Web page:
Ian had long wanted to build a new door for the port side, ever since we had visited Jim Zevalkink in Michigan and seen his amazing workshop. The old door had obviously suffered from water getting in long ago, and was rotten and badly stained. Ian had variously patched it up but it looked a mess. So here in Demopolis Yacht Basin was a perfect opportunity and we had time to use it. But we still felt sad that boating was effectively over for this year. It felt as though we had hardly got going.
But our decision seemed vindicated on Tuesday, when an experienced boater addressed a gathering of Loopers in the marina lounge and said that the river was too dangerous, and that it would remain so for a week. It was also very cold. The temperature hardly rose above freezing, and the small fan heater which we have on the boat, which is great for taking the chill off the air when it’s a bit cold, was no match for the wintry conditions.
The marina had a courtesy car and the local shuttle bus would also come and pick people up at certain times. So we went out to the big local hardware store for materials and Ian ventured into a barber shop for a long overdue haircut.
On Thursday morning at 7.30, with frost on Carina’s railings. two lads came over from the Yacht Basin to help us get the boat taken out of the water. They were encased in thick padded body suits, wellingtons and balaclavas. We were rather less well protected from the cold, and I was glad that at the last minute before leaving home, I had packed some cashmere fingerless gloves and a fleece beanie. We crossed the river and Carina was carefully lifted out of the water in the big travel hoist. We were welcomed to the yacht basin by Kim and Trenella and plied with coffee and cookies in the office while we waited for Carina to be taken to her place on the hard standing.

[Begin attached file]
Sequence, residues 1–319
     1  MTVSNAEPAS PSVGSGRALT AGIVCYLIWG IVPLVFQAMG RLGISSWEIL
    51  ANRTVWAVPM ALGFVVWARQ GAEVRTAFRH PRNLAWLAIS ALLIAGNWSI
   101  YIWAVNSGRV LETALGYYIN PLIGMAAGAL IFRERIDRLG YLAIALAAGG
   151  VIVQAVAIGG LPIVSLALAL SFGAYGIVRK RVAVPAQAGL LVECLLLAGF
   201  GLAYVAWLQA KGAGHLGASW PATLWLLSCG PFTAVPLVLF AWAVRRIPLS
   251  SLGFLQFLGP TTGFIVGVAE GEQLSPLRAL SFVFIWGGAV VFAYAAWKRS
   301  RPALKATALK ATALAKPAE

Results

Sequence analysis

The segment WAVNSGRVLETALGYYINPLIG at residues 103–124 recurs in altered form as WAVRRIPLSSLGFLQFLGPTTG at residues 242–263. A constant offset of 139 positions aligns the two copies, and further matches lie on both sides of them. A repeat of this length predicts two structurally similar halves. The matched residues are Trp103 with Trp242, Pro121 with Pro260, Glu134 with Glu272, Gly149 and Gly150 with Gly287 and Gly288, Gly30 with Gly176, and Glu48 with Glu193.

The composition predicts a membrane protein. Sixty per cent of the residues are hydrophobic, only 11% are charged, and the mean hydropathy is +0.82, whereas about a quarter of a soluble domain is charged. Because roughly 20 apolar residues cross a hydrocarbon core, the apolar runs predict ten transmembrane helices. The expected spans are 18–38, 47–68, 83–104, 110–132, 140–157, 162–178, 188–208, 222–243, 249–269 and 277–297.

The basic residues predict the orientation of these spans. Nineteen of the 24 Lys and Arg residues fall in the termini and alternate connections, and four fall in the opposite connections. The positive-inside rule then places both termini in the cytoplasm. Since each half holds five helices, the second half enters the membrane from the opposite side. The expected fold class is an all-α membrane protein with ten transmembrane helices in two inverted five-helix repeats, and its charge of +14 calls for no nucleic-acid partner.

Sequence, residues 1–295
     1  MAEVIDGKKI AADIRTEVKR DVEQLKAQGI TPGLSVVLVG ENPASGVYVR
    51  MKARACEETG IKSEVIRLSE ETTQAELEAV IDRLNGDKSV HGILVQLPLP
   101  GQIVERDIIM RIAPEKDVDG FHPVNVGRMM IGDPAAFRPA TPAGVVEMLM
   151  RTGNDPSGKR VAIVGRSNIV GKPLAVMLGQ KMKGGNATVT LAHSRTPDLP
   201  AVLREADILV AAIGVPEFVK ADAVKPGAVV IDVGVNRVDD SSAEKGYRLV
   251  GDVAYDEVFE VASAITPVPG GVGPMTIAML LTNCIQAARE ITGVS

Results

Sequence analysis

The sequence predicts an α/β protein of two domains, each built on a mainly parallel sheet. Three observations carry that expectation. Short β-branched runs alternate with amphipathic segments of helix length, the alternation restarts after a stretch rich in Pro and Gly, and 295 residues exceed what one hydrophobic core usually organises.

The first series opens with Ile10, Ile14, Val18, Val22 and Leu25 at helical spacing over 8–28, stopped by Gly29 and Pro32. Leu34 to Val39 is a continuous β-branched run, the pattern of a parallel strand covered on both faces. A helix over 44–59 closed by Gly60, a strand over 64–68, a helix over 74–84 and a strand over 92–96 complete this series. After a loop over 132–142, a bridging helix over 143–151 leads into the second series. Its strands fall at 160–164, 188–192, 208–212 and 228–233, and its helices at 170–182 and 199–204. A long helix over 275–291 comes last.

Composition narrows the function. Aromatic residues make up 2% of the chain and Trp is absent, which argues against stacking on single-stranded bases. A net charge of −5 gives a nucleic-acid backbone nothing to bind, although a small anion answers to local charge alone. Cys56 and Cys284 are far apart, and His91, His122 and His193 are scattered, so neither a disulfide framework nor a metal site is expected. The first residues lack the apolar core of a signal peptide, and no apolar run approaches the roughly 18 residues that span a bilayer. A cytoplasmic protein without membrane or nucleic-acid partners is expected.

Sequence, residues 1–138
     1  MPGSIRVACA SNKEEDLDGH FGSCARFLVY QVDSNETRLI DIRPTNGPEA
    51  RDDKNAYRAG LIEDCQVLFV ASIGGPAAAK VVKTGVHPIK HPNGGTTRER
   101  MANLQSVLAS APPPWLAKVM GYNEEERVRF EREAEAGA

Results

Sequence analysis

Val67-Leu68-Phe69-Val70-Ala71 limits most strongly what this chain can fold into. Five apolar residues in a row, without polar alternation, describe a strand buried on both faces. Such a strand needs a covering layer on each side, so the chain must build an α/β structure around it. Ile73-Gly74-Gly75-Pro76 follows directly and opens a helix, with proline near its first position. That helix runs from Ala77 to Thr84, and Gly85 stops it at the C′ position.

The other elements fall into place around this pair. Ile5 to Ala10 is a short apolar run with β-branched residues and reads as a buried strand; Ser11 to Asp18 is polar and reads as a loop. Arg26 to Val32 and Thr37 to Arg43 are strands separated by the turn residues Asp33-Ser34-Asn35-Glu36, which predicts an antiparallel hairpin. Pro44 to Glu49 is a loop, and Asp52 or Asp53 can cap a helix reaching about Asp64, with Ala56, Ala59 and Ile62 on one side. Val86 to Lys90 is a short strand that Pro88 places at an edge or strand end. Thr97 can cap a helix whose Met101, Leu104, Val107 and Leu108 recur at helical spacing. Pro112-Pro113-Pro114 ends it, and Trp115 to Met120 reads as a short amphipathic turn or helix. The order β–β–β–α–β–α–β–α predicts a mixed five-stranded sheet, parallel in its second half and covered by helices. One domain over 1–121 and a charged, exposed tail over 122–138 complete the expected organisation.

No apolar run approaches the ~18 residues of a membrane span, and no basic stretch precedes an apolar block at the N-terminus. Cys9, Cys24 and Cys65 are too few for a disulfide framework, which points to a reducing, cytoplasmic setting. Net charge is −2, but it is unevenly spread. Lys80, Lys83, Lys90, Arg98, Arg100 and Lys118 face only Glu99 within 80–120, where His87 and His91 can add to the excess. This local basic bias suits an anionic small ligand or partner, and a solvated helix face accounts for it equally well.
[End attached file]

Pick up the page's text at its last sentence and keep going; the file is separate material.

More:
We got a hire car the next day, which made life a little easier. We tried a couple of the local restaurants, Foscue House and the Red Barn, which were both good, and discovered Simply Delicious, a local bakery where we indulged ourselves with coffee and cinnamon rolls. They had managed to transform the interior of a modern, plain brick building in a shopping mall into somewhere with a downhome, country-style atmosphere.
We had a stroll along the Bigbee Bottom Trail, near Demopolis Lock.
The new door took a few days to complete, and wasn’t without setbacks. But it’s now in place and looks really good.
We’re leaving tomorrow for two nights in Natchez, the oldest town in Mississippi, and then on to New Orleans before flying home.
We’ll be back in the spring with the aim of crossing our wake in Clearwater, FL and acquiring the prized Gold Looper flag for Carina.